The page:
My husband and I have never been a couple to raise our voices at each other, but there I was, bent over our bed with my jeans and underwear bunched round my ankles yelling at him to give it to me. My husband protested, worried it would be too painful for me.
“JUST STICK IT IN MY ASS!!!” I screamed.
He finally thrust forward, injecting me with the hormones that would start our first round of in vitro fertilization. As the needle punctured my skin, we both screamed in unison: he for having given me an intramuscular injection with no prior medical training, and me for having just been injected by a non-medically trained person who still has difficulty swallowing pills. Also, I noticed our window was open.
“Oh my God,” I said, rubbing my butt in horror. “We have to do infertility treatments AND we have to move.” I quickly drew the curtains, ashamed that my husband and I needed to go through these physical, emotional, and financial, machinations to get pregnant, when it seemed so easy for everyone else.
Of course we didn’t move; though, I did immediately order blackout curtains. Instead, I faced my neighbours and the world by creating a comedy series about a couple struggling to conceive called How to Buy a Baby. People have asked me why I decided to write a comedy about something that causes so much pain and relationship turmoil and is often shrouded in stigma. The answer is easy: because while being unable to have a much-wanted baby is heartbreaking, the process of infertility treatments is RI-DI-CU-LOUS. From the awkwardness of daily transvaginal ultrasounds to the comments from well-meaning relatives wondering if you’re “doing it right,” to having to sneak into a public bathroom to do yet another ass injection, I’ve seen the hilarity in infertility. I’ve seen the humour and the romance and the resilience and the sheer love of trying to make a baby in a doctor’s office.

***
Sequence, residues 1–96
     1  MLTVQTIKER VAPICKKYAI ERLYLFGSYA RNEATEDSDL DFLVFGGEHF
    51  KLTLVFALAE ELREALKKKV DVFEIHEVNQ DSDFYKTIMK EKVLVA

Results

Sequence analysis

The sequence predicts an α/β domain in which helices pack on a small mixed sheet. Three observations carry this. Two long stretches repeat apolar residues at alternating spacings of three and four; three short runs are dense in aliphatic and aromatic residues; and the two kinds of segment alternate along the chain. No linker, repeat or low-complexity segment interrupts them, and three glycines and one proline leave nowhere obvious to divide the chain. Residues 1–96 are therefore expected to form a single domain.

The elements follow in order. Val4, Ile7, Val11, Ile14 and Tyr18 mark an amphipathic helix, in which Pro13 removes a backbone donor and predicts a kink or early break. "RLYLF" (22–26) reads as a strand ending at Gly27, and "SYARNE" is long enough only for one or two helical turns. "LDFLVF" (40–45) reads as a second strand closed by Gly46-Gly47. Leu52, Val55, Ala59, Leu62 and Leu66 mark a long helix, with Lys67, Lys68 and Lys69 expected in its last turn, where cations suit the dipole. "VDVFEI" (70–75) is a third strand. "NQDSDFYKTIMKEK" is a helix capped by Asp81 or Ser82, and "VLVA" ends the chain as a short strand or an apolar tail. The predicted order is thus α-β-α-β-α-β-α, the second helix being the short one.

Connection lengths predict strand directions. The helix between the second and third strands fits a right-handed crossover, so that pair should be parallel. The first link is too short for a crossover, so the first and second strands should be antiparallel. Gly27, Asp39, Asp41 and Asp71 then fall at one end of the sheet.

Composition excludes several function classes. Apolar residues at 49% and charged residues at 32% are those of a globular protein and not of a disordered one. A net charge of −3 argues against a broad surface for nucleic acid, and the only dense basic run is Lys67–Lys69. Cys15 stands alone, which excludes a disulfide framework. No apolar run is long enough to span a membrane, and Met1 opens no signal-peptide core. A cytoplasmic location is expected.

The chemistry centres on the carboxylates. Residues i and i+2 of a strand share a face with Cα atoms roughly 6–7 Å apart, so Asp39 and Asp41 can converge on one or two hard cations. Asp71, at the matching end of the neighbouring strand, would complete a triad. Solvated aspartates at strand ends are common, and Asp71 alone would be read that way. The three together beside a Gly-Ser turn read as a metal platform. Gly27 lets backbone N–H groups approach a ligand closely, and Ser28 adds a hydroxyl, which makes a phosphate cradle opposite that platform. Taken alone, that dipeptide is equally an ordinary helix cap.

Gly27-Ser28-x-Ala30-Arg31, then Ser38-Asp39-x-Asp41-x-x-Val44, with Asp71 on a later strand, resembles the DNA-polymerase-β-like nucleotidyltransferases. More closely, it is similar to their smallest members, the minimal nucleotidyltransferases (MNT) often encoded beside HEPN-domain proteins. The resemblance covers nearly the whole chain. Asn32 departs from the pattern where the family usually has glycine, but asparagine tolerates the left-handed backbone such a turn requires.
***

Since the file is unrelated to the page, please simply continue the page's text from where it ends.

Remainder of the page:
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There was the time I asked an ultrasound technician if I had an ugly vagina, self-conscious that out of all the many vaginas she had seen that morning, mine somehow stood out in a terrible way. And just about every aspect of sperm donation—whether it be reaping my husband’s or buying it over the internet—is absurd. While I wanted to sympathize that he had to pleasure himself in a cubicle in a doctor’s office, I was also super curious about what pornography he watched, exactly, to make our future baby. It’s an answer I have yet to receive, so I guess in some ways infertility does have some of the magical mystery that comes with making a baby the regular way.
What I found funniest, though, was how easily and quickly embarrassment and awkwardness gave way to the ordinariness of routines and small talk. Once, the ultrasound technician and I discussed at length the best products for curly hair: do you prefer cream or a gel? Diffuser or air dry? Suddenly, she interrupted what I thought was a productive discussion about applying leave-in conditioner to point out one of my follicles on the ultrasound monitor.
“I think I’m looking at a future Prime Minister,” she said, while holding the wand inside me, a comment that made me both laugh and cry.
It’s this tension I’ve tried to capture in How to Buy a Baby—how hope can comingle with endurance to create this strange reality in which doctors, nurses, ultrasound technicians, embryologists and financial advisors are all involved in the intimate act of making a baby.
People love to talk about the “miracle of birth.” While ultimately I was unable to conceive, for me the miracle of it all was finding a way to laugh at the process and to tell the story. The marvel wasn’t a newborn with my husband’s blue eyes or my curly hair but mine and my husband’s ability to face the loss of our shared biology, let go of the way we thought we would become parents, and channel that love and laughter into a series about infertility. That miracle, to me, is no less meaningful.
How to Buy a Baby premiers on CBC Comedy November 13th and can be watched at cbc.ca/watch..